News

Local opportunity knocking in China

By ERICA HALL

The Mirror

The connection between Federal Way and Beijing might seem fuzzy at first glance, but with the 2008 Olympics on the horizon, local businesses might have a chance to compete.

Beijing is using the Olympics as a launching point for a modernization of the whole city, said Patrick Doherty, Federal Way’s deputy director of community development for economic development.

Although contracts for big things, like stadiums and subways, were awarded long ago, all the secondary projects have yet to bid. Beijing is going to need architects, designers, engineers, legal experts, financing firms and other services ancillary to the actual construction that will happen over the next few years, Doherty said.

Meanwhile, business development offices in Seattle stand ready to assist local business owners looking to break into the international market.

“If we have to look beyond the country to have markets, hey, why not?” Doherty said.

The state Department of Trade and Economic Development’s international trade division has people in Tokyo, Shanghai, Seoul and Taiwan, and in Europe and Mexico.

Kathleen Sebastian, research and special projects manager for the division, said business development managers have portfolios for their specialty industries that they use to connect Washington business owners with contacts overseas.

Business owners interested in exporting goods or services can contact a business development manager. The manager meets with the owners to get an idea of what they want to accomplish.

“Sometimes that’s all companies will want –– some advice,” Sebastian said, though more help is available and the division’s services are free.

The next step for the business development manager is to contact someone in one of the overseas offices. Those overseas managers can provide the business owner with a variety of services, like a list of potential distributors or people who might be interested in a joint venture. If a business owner is planning a trip and wants to meet people and network, the business development managers here and overseas can help orchestrate that, too.

The overseas staff are a critical component to making the division’s work valuable to business owners, Sebastian said.

“We’re not just here saying, ‘Do this, do this, do this,’” she said. “We actually have people on the ground in eight locations working day-to-day with the overseas business community. They can tap into the local knowledge to find the best business partner.

“You can’t just do it from here. You need someone there to look out for your interests.”

While the international trade division is available to anyone, Sebastian said some businesses have a better shot at being successful internationally than others. Her office posted a quiz on its Web site (www.exportwashington.com) to help business owners gauge whether they’re ready.

One criteria for success is an existing business with a good track record of sales locally and nationally, she said. It seems obvious, but some business owners want to shoot straight for the international market before testing their business’ viability at home.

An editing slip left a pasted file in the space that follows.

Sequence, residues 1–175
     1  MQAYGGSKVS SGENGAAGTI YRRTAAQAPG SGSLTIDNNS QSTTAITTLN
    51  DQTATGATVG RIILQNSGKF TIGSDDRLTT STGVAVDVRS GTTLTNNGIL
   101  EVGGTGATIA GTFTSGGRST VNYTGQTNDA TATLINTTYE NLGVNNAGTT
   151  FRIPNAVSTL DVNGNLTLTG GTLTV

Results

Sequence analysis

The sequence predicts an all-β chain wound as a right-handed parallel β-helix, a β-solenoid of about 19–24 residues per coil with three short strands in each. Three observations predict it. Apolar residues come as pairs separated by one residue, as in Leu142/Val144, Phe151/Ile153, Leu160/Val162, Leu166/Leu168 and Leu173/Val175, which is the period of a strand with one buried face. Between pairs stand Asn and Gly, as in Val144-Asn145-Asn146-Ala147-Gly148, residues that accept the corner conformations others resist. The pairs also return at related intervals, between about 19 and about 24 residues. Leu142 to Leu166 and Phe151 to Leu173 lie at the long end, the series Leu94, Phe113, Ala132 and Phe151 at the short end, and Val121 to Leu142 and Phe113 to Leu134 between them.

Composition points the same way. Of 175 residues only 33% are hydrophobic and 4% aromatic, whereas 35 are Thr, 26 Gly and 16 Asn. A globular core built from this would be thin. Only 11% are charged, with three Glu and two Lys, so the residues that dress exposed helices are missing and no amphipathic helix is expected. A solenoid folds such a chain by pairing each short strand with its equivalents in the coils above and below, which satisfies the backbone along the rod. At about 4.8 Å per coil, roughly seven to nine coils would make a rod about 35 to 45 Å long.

“There is a little bit of a starry-eyed dream that you can just start international,” Sebastian said.

It’s important to work the kinks out of a business locally, without the added tangles of international financing and laws. It also helps to have had time to learn about the business’ strengths and weaknesses here before trying an international market, Sebastian explained.

“You want to show you can do it in the U.S.,” she said.

Going international “takes commitment from the highest level of management,” she said. It also takes money.

For example, sometimes quality-control issues are so different in other parts of the world, U.S. products must be modified to comply before they can be sold there. Marketing can be more expensive, too. Informational brochures or catalogues have to be translated and reprinted, and Web sites have to be rebuilt in the market country’s language.

And there are travel expenses. Sebastian said some business owners think the Internet has made business travel obsolete, but nothing could be further from the truth. Business people in other parts of the world frown on such impersonal business practice. It can be done, but it demonstrates “a lack of understanding for how the rest of the world prefers to work,” she said.

Still, while it sounds like only a Boeing or a Weyerhaeuser could do it, Sebastian said there are smaller industries the international trade division has connected with the global market, including information technology, electronics, medical equipment, pharmaceuticals, industrial machinery manufacturing and construction.

Opportunities already abound for Federal Way-area businesses –– engineering firm Berger ABAM has worked all over the world, Baden Sports has an office in Japan and Salmolux imports seafood from South America –– but with the 2008 Olympics coming up in Beijing, a window is sliding open for local companies interested in exporting their services.

In fact, the director of the state international trade division’s China program was there earlier this year promoting Washington companies’ abilities to provide services and products to the Olympics, Sebastian said.

“The infrastructure projects to prepare for the Olympics are absolutely huge,” she said.

Sebastian also pointed out the Winter Olympics will be in Vancouver, B.C. in 2010, which also will provide international trade opportunities for Washington companies.

The international trade division’s mission is to help Washington businesses and industry succeed overseas. “We promote economic prosperity by helping companies export,” she said. “We are available here to help any industry. We open our doors to everyone. We want everyone to succeed.”

Staff writer Erica Hall: 925-5565, ehall@fedwaymirror.com.

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